There is one church as stated in the Nicean Creed the Holy Apostolic Church. We don’t adopt that creed today but in 325AD it did bring unity.

    In His service

    Bob

  12. Steven,

    Anglicans tend to say theirs is a non-creedal communion. http://en.wikipedia.org/wiki/Anglican_doctrine

    That is, they don’t get much beyond the Nicene and Apostles Creeds in what they insist on. They favor unity above complete agreement on all points.

    Officially, they teach and practice apostolic succession, and so they have an Episcopal system — with bishops having authority over local congregations. But their dioceses are almost entirely independent of each other and can vary significantly. So some dioceses (and bishops) are quite conservative, whereas others are quite liberal.

    Wright is very conservative, in the sense that he teaches from and about the inspired text as inspired text, with the greatest respect for the authority of the text. I’ve never seen him write on apostolic succession, but he’s a bishop, so he must not be opposed to the idea.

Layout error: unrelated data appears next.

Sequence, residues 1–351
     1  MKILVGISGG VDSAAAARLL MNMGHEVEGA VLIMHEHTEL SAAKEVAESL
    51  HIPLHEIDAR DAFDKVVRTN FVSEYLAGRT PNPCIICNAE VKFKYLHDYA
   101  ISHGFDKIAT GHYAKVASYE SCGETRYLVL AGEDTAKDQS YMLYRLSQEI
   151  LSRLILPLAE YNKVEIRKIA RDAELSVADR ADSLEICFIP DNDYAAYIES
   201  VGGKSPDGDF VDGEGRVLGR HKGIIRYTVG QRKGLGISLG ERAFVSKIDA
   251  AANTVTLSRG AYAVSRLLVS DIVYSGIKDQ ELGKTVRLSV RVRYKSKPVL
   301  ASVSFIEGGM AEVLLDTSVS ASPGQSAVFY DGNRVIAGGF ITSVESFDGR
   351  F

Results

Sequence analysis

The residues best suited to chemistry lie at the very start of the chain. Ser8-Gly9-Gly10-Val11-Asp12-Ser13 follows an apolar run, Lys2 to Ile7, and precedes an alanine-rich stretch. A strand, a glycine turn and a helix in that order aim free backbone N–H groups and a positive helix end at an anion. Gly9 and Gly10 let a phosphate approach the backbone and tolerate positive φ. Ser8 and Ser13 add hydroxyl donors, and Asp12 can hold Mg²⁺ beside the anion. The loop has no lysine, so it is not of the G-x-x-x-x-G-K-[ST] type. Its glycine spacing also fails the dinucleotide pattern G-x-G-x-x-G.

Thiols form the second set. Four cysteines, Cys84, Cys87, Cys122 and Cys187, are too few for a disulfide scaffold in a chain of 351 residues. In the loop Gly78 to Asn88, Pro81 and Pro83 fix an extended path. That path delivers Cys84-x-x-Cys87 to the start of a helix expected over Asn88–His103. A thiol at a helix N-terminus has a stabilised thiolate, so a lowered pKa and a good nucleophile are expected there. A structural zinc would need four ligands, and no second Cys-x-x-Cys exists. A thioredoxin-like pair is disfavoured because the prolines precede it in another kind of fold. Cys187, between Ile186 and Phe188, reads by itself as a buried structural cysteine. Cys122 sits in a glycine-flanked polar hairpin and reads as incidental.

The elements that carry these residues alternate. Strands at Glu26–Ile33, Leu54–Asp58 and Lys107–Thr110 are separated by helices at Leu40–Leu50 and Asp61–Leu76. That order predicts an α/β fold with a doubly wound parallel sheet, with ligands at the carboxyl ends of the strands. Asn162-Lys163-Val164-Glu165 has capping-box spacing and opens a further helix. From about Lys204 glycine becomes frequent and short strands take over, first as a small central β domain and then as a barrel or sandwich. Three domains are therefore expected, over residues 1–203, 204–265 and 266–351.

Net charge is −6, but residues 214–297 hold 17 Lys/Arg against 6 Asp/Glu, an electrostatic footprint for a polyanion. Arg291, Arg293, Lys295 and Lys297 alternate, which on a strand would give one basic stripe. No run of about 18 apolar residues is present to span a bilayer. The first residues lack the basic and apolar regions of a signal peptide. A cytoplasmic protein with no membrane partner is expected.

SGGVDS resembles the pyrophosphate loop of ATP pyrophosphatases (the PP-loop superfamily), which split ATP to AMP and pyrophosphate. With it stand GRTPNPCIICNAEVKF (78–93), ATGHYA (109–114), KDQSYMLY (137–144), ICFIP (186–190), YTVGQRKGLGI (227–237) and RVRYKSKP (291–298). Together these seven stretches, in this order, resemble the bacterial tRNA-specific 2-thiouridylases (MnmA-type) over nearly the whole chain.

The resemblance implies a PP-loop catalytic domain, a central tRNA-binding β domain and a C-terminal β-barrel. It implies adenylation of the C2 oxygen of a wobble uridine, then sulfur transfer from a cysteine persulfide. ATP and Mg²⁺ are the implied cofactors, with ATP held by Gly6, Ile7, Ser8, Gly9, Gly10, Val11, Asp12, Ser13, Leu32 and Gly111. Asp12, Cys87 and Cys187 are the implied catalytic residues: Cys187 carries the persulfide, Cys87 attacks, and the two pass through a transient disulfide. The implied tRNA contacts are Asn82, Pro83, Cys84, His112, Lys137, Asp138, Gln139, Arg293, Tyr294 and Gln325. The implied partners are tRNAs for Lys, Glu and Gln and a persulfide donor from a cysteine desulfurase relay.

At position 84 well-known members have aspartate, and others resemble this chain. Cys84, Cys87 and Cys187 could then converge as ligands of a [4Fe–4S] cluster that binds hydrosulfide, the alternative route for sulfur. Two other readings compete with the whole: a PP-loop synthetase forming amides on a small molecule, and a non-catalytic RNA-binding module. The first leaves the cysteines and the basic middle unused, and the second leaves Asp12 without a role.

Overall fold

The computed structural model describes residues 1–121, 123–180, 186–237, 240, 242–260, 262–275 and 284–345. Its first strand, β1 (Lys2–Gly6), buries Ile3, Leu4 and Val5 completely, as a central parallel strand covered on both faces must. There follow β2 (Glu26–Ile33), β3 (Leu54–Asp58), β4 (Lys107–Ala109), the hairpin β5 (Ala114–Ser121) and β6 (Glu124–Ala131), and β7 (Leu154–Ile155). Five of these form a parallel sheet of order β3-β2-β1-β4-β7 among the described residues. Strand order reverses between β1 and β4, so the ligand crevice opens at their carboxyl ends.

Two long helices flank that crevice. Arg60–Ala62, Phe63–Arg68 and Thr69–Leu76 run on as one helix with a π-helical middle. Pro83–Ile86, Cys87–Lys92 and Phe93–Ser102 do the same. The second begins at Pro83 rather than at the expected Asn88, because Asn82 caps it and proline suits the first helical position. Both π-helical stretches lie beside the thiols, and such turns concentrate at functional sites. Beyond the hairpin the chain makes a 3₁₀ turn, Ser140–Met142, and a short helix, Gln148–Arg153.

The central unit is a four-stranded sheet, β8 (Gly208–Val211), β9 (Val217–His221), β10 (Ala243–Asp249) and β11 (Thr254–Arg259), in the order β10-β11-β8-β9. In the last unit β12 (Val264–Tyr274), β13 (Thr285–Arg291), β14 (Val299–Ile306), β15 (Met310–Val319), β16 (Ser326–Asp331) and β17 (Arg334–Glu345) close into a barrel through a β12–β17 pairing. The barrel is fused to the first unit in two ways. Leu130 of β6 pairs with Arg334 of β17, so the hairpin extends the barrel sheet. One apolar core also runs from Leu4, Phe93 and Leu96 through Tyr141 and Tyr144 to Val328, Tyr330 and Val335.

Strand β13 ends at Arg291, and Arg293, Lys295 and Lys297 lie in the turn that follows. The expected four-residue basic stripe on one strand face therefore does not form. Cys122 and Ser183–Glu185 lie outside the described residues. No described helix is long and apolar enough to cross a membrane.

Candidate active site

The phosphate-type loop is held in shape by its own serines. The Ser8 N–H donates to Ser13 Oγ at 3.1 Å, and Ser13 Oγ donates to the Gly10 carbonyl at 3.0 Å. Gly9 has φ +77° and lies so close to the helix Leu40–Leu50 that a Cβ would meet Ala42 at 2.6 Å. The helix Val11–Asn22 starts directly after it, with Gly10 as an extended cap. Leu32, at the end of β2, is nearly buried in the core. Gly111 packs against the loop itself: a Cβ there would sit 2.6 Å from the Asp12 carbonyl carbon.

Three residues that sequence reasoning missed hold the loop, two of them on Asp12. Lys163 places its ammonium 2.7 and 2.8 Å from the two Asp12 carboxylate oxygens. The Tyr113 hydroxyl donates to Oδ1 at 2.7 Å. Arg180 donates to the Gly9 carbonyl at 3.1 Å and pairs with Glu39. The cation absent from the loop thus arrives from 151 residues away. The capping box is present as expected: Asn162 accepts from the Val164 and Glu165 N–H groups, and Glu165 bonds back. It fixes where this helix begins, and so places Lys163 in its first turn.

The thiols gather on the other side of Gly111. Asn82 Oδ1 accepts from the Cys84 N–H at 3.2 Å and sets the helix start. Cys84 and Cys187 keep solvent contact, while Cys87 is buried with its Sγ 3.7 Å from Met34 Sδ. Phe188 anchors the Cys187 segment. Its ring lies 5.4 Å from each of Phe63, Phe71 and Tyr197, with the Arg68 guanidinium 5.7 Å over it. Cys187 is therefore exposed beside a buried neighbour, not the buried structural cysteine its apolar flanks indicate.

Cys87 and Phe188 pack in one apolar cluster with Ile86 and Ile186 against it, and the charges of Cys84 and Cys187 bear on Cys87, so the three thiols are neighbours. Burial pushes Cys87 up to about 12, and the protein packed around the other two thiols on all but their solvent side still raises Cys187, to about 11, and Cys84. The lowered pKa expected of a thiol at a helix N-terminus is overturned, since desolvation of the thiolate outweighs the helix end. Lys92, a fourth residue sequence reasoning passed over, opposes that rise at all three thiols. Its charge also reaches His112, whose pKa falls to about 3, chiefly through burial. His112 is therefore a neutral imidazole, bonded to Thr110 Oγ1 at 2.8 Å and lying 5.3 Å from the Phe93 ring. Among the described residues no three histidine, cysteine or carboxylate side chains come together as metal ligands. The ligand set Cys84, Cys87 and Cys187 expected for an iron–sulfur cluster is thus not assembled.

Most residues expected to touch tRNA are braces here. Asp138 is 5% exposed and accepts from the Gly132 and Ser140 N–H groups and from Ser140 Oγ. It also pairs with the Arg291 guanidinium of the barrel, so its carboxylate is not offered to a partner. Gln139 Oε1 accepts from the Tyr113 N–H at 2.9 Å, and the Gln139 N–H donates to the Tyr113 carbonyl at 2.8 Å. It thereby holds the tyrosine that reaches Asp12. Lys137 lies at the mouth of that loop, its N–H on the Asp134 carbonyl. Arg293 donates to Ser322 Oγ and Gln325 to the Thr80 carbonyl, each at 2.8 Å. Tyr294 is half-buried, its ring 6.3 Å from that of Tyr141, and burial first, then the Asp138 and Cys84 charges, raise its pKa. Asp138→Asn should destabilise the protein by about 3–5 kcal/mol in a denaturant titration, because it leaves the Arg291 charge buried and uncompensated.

Modern Anglicans and Episcopalians are therefore active in ecumenical activities and very resistant to division over doctrines they perceive as not central to the faith.

    I recently attended an Episcopalian funeral at which communion was served. The minister invited all baptized believers to partake with the church.

  13. Dwayne,

    I may be reading a bit into what Wright said in light of his participation in the Windsor Report of 2004, dealing with the Anglican community’s response to the ordination of practicing homosexual Gene Robinson as a bishop.

    The report refused to reject his ordination, on the grounds of preserving unity, but also expressed grave reservations. Wright is personally persuaded that homosexual sex is sinful.

    http://www.anglicancommunion.org/windsor2004/index.cfm

  14. Isn’t it possible that various types of churches is good? If each congregation is a body, then like the human race, there are a lot of body types.
    Disunity is the evil. Spirit inspired differences are OK and probably natural due to the different cultures, but we are all the bride of Christ. We should not argue againist other’s understanding.
    However, if we compare the way we do things, and ask why, we could find the next guy has a better understanding or a more clever method. Ofcourse that requires that we talk to each other, rather than insisting the other is in apostacy.